Islam prohibits any act likely to hurt the physical integrity of a person. It is shown that this practice is harmful. MGF must be abandoned.

Religious justification of excision:

Members emphasized that Islam is practiced in thousands of different ways in the world: there are different schools of thought (Malikism, Ismailism, Ibadism, Shafeism, etc.):

  • Within the Shafi school, it is common to consider excision as a religious obligation (cf ref (2)), and this school is far from being marginal: it is present in Indonesia and Malaysia, among the Malays of other countries (Singapore, Sri Lanka, Brunei), dominant in the Kurdish regions of Iraq and Iran, and mainly in Egypt, Sudan and Somalia. In these regions, FGM is strongly justified by religion (cf ref (5)) (sometimes even from government and political parties). According to a survey, 95% of Indonesians and Malaysians say religion is their main motivation to practice FGM.
  • Other groups justify FGM in the name of religion, such as the Mufti of Oman (Ibadism), the Dawoodi Bohras in India and the Mufti of Dagestan (Sufi)

information shared for the Christian religion

Proponents of FGM sometimes use Genesis 17: 10-14 to justify the practice. In this text, God ordered to Abraham to circumcise every child in his household. Except he never mentioned women (cf ref (3)).

Some Christians explain that circumcision is biblical because it is present in the Bible. A professor of theology refuted this: the Bible doesn’t require women to be circumcised (cf ref (7)).

what can be done ?

Members stressed that the involvement of religious leaders as being fundamental, especially through the development of fatwas to raise awareness of the fact that a practice that harms the health of girls and women and that is not mandatory in the Qur’an should not be practiced. When engaging with them the question is not the veracity or not of the hadiths, but rather « how can we make opinion leaders who consider FGM to be a good practice admit other religious “truths” on the issue”?

A tandem doctor / religious leaders would be interesting to set up (example in Mali where the religious authorities have worked with doctors), but the problem is that « those who defend the practice have answers to everything »: whether in the religious field (pushing for medicalization to reduce health consequences), or in the medical field (resistance of some doctors to acknowledge health consequences of the practice, in Mauritania).

Care must be taken to the terms used in sensitization: confusion between the Arabic terms of male circumcision and female cutting.

Emphasize on the fact that FGM can affect their health or their lives so it is crucial to stop it.

One members argued that hinders the achievement of successful results is « the fact that in Muslim societies where this practice is present, FGM is a women’s issue, » and they don’t take part in the Friday prayer where preaching against FGM are disseminated, so they don’t benefit from the messages in relation to Islam’s position towards FGM.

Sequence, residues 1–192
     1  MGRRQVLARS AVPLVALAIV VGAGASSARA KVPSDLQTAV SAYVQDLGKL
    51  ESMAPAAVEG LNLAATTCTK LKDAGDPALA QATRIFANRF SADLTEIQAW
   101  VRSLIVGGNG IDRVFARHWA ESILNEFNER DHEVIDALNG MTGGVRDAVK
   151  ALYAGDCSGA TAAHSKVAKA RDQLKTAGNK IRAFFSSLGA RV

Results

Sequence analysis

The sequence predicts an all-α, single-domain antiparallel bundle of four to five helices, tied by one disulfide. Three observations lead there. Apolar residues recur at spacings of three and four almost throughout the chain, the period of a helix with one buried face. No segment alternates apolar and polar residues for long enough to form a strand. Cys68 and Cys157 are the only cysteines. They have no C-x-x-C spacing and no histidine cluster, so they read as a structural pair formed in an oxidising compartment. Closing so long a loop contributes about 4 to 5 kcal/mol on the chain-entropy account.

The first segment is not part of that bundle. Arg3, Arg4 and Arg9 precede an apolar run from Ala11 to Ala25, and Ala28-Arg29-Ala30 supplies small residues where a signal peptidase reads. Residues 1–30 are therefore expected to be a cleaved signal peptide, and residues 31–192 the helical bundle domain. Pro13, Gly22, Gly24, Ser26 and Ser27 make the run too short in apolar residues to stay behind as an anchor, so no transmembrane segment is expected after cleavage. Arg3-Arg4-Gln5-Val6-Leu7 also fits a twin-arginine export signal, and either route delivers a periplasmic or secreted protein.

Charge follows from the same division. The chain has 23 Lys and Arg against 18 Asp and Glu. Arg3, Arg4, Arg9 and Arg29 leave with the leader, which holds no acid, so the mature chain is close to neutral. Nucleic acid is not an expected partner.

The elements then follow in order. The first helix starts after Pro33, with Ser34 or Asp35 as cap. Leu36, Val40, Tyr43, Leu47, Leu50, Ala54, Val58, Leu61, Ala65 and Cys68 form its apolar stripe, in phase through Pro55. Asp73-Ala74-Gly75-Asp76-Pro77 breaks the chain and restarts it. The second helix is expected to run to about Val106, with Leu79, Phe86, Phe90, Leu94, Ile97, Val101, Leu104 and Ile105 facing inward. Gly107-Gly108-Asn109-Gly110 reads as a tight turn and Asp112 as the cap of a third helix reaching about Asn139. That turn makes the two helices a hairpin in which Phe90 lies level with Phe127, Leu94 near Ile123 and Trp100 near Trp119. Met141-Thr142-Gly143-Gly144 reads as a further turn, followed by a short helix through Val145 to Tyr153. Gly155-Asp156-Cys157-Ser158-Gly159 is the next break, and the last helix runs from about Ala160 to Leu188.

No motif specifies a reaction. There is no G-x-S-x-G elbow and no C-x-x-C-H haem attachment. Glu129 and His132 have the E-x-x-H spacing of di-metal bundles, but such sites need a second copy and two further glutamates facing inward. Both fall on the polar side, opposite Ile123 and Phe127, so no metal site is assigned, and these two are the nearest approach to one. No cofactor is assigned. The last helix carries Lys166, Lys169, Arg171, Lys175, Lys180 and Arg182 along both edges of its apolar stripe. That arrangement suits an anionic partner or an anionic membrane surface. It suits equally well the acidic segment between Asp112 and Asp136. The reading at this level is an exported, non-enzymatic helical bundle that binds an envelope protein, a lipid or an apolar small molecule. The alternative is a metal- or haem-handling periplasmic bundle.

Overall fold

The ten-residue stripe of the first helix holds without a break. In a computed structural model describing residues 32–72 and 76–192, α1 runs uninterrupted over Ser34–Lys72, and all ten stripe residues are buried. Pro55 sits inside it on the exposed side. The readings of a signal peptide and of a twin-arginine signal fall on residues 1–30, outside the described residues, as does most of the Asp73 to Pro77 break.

In addition, one should always keep in mind that the fundamental cause of FGM is inequality between women and men => it is therefore necessary to transform attitudes by « adopting a holistic approach that includes all stakeholders « (religious, health workers, decision makers, sociologists, psychologists, opinion leaders, women’s groups, watch committees …) and a fluid coordination mechanism for better monitoring.

Moreover, it is important to strengthen civil society outside of religion by encouraging freedom of thought and debate, to make people understand that religion can be debated.


  • Thus, members agreed that FGM has no religious justification, neither in Islam nor in Christianity.
  • Nevertheless, one member stressed the importance of putting this debate in perspective because “by saying « FGM is not religious » the argument implies that if it WERE religious then it would be morally and legally permissible” (see ref (8)). Instead, we must argue that “EVEN IF cutting a child’s genitals is an explicitly religious practice, this does not automatically make it morally or legally permissible.”

shared References

(1) Video – « Islam does not support FGMC » :

(2) Shafi School Religious Thinking:

(3) Reference within Christianize: Exode 4:25, Josué 5: 7, Actes: 7: 8, Romains 2:28, Romains 4:11, 1 Corinthiens 6:18

(4) Qur’an, Hadith and Scholars: Female Genital Mutilation:,_Hadith_and_Scholars:Female_Genital_Mutilation

(5) Discussion on the link between FGM and religion in the Middle East and Asia region, « Religion or culture? »:

(6) List of Fatwas against FGM:

(7) Press article, Adie Vanessa Offiong, « Stories of Nigerian women mutilated in secret » (Christian perspective), February 2018:

(8) Brian D. Earp, Jennifer Hendry, Michael Thomson, « Reason and paradox in medical and family law: shaping children’s bodies », November 2017:’s_bodies

(9) Baseline Research Report, Katy Newell-Jones, « Empowering communities to collectively abandon FGM/C in Somaliland », January-May 2016:

(10) Position Paper of the Islam and Population Network (Nigeria) (11) Dr. Mohamed Salim Al-Awwa, « L’Excision des filles au regard de l’Islam »: